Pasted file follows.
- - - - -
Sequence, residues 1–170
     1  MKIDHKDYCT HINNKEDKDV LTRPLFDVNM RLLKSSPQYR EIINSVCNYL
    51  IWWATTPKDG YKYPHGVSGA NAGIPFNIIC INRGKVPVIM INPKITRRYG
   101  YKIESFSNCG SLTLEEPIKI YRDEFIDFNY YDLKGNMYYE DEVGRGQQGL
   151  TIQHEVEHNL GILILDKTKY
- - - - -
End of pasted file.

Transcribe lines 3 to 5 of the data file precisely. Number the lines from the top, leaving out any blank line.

    51  IWWATTPKDG YKYPHGVSGA NAGIPFNIIC INRGKVPVIM INPKITRRYG
   101  YKIESFSNCG SLTLEEPIKI YRDEFIDFNY YDLKGNMYYE DEVGRGQQGL
   151  TIQHEVEHNL GILILDKTKY